** The following may contain spoilers **
A good decade has been spent rifling through Philip Kerr’s Bernie Gunther series.
Many will be familiar with Kerr’s Berlin Noir trilogy, which features the Scottish author’s first glimpse of Bernie Gunther’s world: a Berlin cop who spends his time on the seedy streets of the German capital (and many other cities and countries in later novels), trying to solve crimes and untangle bureaucracy whilst being enmeshed in political corruption. All this amid the nightmarish, torrid surge of the Nazi Party.
With a metaphor-rich style and turn of phrase so agile it’d run rings around a penny, Kerr delivered the kind of prose that has the reader shaking their head in disbelief. So astute, it almost draws contempt, particularly to aspiring writers, who’d probably consider calling quits after engaging with Kerr’s razor-sharp delivery.
One of the many feats Kerr conquered with the Bernie Gunther series was his unbridled capacity to blur the lines between the quintessential paperback thriller and the hard-boiled classics of Dashiell Hammett, Raymond Chandler and James Ellroy,.
While Kerr’s rugged dispatches occupy the shelves between Lee Child, Ian Rankin and Karin Slaughter – usually at the WHS Smith on the way to the terminal gates before a summer holiday – Kerr had a lot more in common with the former above-noted crime touchstones.
Make no mistake, this is the apex of historical crime fiction. Kerr’s level of research in order to bring Gunther to life is beyond staggering. Reading a Philip Kerr novel is as much a history lesson as it is escapism. It’s no secret why there was such a gap between the third novel, A German Requiem (1991) and the fourth, The One from the Other (2006).
Years were spent burning the midnight oil amid the fusty smell of weathered hardbacks and threadbare carpets of the library. From The One from the Other, another eight books followed before Kerr’s untimely passing in March 2018, with a further two posthumous releases, Greeks Bearing Gifts (2018) and Metropolis (2019).
With a whit as sharp as a butcher’s blade and a cynicism that would make most others seem like fatal optimists, Gunther is a wildly unique specimen that has adorned many pages over the last three decades.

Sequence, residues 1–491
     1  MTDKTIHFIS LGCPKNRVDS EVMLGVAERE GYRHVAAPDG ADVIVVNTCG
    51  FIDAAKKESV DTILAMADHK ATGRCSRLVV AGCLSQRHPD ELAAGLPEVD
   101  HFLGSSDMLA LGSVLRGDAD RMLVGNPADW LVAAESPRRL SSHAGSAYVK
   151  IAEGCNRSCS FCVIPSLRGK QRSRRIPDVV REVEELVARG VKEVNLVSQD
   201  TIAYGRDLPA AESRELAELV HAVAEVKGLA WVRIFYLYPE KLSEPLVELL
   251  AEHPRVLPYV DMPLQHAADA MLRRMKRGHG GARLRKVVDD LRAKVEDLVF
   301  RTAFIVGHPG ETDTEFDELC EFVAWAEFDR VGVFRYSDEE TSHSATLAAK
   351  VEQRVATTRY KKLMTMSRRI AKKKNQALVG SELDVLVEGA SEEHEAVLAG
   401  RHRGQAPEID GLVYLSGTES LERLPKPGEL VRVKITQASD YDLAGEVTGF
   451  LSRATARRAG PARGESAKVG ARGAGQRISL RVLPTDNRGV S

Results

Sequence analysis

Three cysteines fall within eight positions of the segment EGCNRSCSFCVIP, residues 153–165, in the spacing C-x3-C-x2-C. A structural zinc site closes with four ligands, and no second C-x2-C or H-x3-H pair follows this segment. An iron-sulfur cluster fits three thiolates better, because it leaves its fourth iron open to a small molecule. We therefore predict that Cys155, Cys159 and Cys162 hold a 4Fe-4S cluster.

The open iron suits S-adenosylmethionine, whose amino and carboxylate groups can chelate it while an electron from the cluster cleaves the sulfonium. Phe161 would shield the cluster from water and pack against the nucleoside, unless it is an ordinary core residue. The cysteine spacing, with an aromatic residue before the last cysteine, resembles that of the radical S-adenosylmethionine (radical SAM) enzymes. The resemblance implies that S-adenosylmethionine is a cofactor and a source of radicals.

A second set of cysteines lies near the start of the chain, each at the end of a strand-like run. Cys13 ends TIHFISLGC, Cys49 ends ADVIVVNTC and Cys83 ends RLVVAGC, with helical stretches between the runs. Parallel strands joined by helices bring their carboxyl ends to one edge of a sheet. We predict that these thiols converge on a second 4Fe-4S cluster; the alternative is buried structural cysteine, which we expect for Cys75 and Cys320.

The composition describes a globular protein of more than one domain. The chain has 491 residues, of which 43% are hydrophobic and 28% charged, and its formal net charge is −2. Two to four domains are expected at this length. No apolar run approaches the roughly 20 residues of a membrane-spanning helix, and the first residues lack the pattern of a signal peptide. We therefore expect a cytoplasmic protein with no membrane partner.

Lee Child once described Gunther as “one of the greatest anti-heroes ever written”. He’s half right: there’s no one better.
From the desks of “the Alex” and later as a private investigator at the Adlon Hotel, Gunther, a member of the DSP, was swiftly coerced into the Nazi Party in order to save his own skin. With blackmailing highly ranked Nazi officials at every turn, Gunther spent a life time thinking on his feet. It was the only way he could survive.
In turn, with his life in constant danger, Gunther committed a slew of unspeakable atrocities over the years and Kerr leaves no stone unturned when describing these.
This is the thing about anti-heroes, however. No matter how heinous their crimes, you still hold a degree of sympathy for them. It’s human nature, and the way Kerr weaves dark humour through the array of death and destruction in which Gunther either commits or holds first-hand knowledge of, it’s the kind of feeling one gets when reading the works of Kurt Vonnegut or John Irving.
Juxtaposing such grotesque events with dark humour is a very special talent indeed and, given the subjects at hand, Kerr may be the finest architect of evoking this type of emotion from the reader.
Always one for schnapps, Gunther’s alcoholism was seldom called into question until Kerr’s final dispatch, Metropolis, with Gunther’s superiors wary of his antics as he ambled through the doors of the Alex “smelling like a brewery”.
Throughout Metropolis we are subjected to a young, fresh-faced Gunther. (Kerr jumps back and forth through time, meaning it is not essential to read this series in chronological order.) His cynicism hasn’t fully flourished, despite being a veteran of the First World War. He’s not green, per se, but Gunther’s persona during these final pages is merely formative. The wit and charm (particularly around the opposite sex) are there, but it’s Gunther’s cynicism that is the true core of his character.
Gunther is a sentimentalist at heart. Particularly with the ladies, whereby his dalliances with the opposite sex were many. Even in the darkest and vilest corners where humanity stirred, Kerr still highlighted the fact that love and longing transcend all. By using Gunther as his vehicle, it was arguably Kerr’s finest accomplishment during these 14 novels.
In any case, our final encounter with Gunther is an interesting one. Prior to his death, perhaps Kerr was too far down the road with the final two novels that, in his opinion, this was the logical conclusion? After all, the final two novels seem anything but rushed, with Metropolis arguably ranking as one of Kerr’s finest in the series.
Some claim that Gunther should have been dead at least four times by page 50 (especially during early parts of the series), but you have to give leeway to Kerr here; he’s just using his licence as a purveyor of fiction.
While Kerr’s ’90s stand-alone novels and, more recently, the Scott Manson trilogy, were all admirable in their own right, these works pale in comparison to Kerr’s Bernie Gunther series. Here is where Kerr’s legacy will only strengthen in the years to come.
Add to the belief that the novel (much like the album) is caught in the wild undertow of social media and receding attention spans, thus rendering it as a fading art form. If this were true, then there are two questions.
Firstly, is Philip Kerr the last of the great modern day crime novelists? If so, then the second question is this: will we ever see a better anti-hero than Bernie Gunther?